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Soda tax should be 'cost' of health care

Published March 10. 2012 09:02AM

So often today, the only thing agreed upon is that the agreed-upon thing is not the best solution. It's merely a solution that allows us to move on.

It seems to happen more so now than ever before in politics because more so now than ever before the philosophies of the Democrats and Republicans don't seem to allow for commonsense compromise.

The repercussions of this are found everywhere. I don't think that any taxpayer or politician in our state, for example, truly believes that what has transpired in education over the last few years is what's best for the children in the system.

For example, in the district where I teach, interscholastic sports, an element of the educational process that arguably helps as many students as classroom learning, were originally scheduled to be eliminated from the 2011-2012 budget. Funds raised by the community, however, kept this from occurring.

I hope those who raised the money and those who accepted it realize that this was far from the best solution. It was, however, a solution that temporarily delayed an outcome both dreaded.

I write of agreed-upon political solutions agreed upon to be something less than the best because the escalating cost of health care causes me to offer such a solution.

While I am a Libertarian philosophically, I'm a humanist emotionally; therefore, it's hard for me to argue that the government should be totally hands-off when it comes to health care.

But help offered should come with a cost. And if that has to be worked into the system through a tax, so be it (even though a true Libertarian embraces taxes the way a peacock embraces a porcupine).

The tax I'm talking about is to be levied upon sugar-sweetened beverages. Now I've broached this topic in columns before, but new statistics cause me to write of it again with renewed conviction.

At the turn of the century, the Centers for Disease Control and Prevention projected that 29 million Americans would have diabetes by the year 2050, with the overwhelmingly majority of those cases being type 2 the type that people give themselves through years of excessive eating and little exercise.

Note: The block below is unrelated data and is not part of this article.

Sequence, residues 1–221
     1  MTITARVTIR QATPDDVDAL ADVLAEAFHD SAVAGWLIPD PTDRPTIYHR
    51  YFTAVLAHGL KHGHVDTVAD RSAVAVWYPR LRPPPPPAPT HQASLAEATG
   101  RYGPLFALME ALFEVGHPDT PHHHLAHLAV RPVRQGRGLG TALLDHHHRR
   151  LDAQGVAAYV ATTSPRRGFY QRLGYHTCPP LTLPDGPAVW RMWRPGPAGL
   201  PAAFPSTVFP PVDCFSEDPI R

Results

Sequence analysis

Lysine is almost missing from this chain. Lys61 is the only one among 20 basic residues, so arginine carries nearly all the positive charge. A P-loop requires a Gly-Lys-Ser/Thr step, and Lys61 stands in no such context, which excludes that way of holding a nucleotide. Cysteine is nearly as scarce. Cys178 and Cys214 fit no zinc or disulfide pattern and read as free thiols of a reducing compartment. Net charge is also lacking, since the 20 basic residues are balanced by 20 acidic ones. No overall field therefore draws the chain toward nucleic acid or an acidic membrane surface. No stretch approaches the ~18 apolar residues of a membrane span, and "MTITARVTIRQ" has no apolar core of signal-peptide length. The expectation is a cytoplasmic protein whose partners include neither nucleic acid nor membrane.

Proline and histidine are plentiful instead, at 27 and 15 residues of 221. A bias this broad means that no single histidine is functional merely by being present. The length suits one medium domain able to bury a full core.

The CDC's prediction was horribly, horribly wrong. By 2007, 23.6 Americans already had diabetes and the costs attributable to the disease reached $174 billion, much of which is covered by a health care system sustained through taxation.

This increase in diabetes has caused experts recalculate and estimate that the cost attributable to it will exceed a half trillion by 2050.

What strikes me as absurd is that type 2 diabetes, in all but the rarest of cases, can be prevented. What strikes me as equally absurd is that the collective group many of whom do what's needed to avoid the disease have to share the escalating health care costs caused by willful exercise and dietary indiscretions.

That's why a tax of sugar-sweetened beverages makes sense to me. It's not the best solution to the problem, but research analyzed at the University of California and Columbia University suggest that over a 10-year period even a penny-per-ounce tax could save $17 billion dollars in health costs, according to the online January issue of Health Affairs.

More importantly, the tax would also eliminate 96,000 heart attacks, 8,000 strokes, and 26,000 premature deaths in that decade. Moreover, the improved collective health in the nation would generate $130 billion in taxes over the same time period.

Not to mention the incidence of type 2 diabetes, currently rising rapidly, would decrease by 2.6 percent.

Yet many experts argue that the tax should be even higher than a penny per ounce and that the improvements in America's health would be even better.

While I often find it amusing maybe even amazing that I'm arguing for any sort of new tax, I know that beliefs must change when times change.

Years ago, for instance, Consumer Science in the Public Interest was seen as, if not a radical, a left-wing watchdog organization that hounded big business into providing better-quality food. Back then in an expose of America's excessive sugar consumption, (primarily through sugar-sweetened beverages, by the way) a CSPI publication called soda "liquid candy."

The comment back then was seen as an over-the-top assessment, a pronouncement probably made to draw as much attention to the organization as the supposed problem.

Interestingly enough, the coauthors of the aforementioned published online paper called sugary soft drinks the same, but they also added that "a penny-per-ounce tax would substantially reduce obesity, diabetes, and heart disease among adults in the United States."

If those rates go down, so will health costs.

And if health costs are reduced so will this inequity: people who do what's essential to maintain their health will not be paying as much to support those who can't or won't.

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